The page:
Teacher Caryl Ayala exposes the “gay agenda” in American public schools
In 2017, Odom pre-K public school teacher Caryl Ayala warned of the imminent gay agenda that will indoctrinate children in public schools. By 2021, some schools have allowed the use of gay books, such as the Lawn Boy, with graphic gay sex descriptions.
Diversity program funded by the largest LGBTQ Political Lobby
In 2015, the faculty began a non-academic anti-bullying training that celebrates diversity and inclusivity that the Human Rights Campaign (HRC) funded. It is the largest LGBTQ political lobby organization in the US.
Ayala: We need programs that bridge the academic gap
Caryl Ayala was confused about the program because it was not what the students needed. Odom is a Title 1 school where students live within the poverty level.
Their situation affects every subject area, and more programs are needed to improve their reading, writing, math, and science: not gay education. In short, “We need to hear more about academics,” she said.
More programs are needed to improve academics: not gay education.
Redundant: A waste of funding
As the years progressed, Ayala asked the trainers why are we doing this program. This (training) doesn’t make sense because there’s already an anti-bullying program that Austin and many cities in Texas and around the country use.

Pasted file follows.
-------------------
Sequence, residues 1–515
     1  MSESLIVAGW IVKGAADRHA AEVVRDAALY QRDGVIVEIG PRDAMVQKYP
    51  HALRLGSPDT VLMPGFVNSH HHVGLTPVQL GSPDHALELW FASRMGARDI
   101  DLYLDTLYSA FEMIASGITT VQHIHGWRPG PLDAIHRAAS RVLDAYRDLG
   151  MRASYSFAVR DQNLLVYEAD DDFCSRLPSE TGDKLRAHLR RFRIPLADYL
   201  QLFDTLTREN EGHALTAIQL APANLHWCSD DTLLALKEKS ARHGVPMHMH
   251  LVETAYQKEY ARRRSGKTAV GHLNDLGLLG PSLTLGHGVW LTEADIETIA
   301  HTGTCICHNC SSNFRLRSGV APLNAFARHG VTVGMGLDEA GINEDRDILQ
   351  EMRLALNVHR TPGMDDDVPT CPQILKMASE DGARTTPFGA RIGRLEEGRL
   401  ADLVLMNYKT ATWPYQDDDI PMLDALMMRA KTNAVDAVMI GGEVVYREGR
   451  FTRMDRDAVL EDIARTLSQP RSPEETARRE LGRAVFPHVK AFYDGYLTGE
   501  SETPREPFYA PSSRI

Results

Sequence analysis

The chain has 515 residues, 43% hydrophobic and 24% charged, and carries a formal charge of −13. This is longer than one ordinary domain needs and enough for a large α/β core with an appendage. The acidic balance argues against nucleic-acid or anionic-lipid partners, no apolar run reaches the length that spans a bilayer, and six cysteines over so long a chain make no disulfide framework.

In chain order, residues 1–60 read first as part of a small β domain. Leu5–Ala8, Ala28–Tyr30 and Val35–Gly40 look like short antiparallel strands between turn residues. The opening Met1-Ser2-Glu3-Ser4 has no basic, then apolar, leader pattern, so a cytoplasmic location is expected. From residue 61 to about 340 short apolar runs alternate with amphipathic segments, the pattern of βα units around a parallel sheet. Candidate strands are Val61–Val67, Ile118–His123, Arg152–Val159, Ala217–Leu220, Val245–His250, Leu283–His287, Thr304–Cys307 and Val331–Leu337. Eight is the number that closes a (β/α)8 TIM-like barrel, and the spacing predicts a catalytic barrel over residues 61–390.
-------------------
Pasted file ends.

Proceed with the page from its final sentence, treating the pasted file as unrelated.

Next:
Many teachers like Ayala grieve at how funds are spent. In 2022, the reading literacy of the USA continues to plummet, with 54 percent of Americans reading below the 6th-grade level.
Pushing kids to an LGBTQ “character education”
Some students were as young as four years old. The organizers claim they need this diversity program that pushes the LGBTQ lifestyle to help with emotional learning, which they claim is character education.
The pre-k through 5th-grade teachers were instructed to devise a definition for the word homosexual that our students could understand.
Sexualization of kids
In 2023, a class assignment at Churchill High Schoo in Oregon upset parents. A male teacher asked (absent) students to write a short story about a sexual fantasy.
The teacher also wrote, “it should have no penetration; no oral sex (no way of passing an STI).”
Kids were also told to give examples of romantic music, candles, massage oils, or flavored syrup. “Your story should show that you can show and receive loving physical affection without having sex,” it added.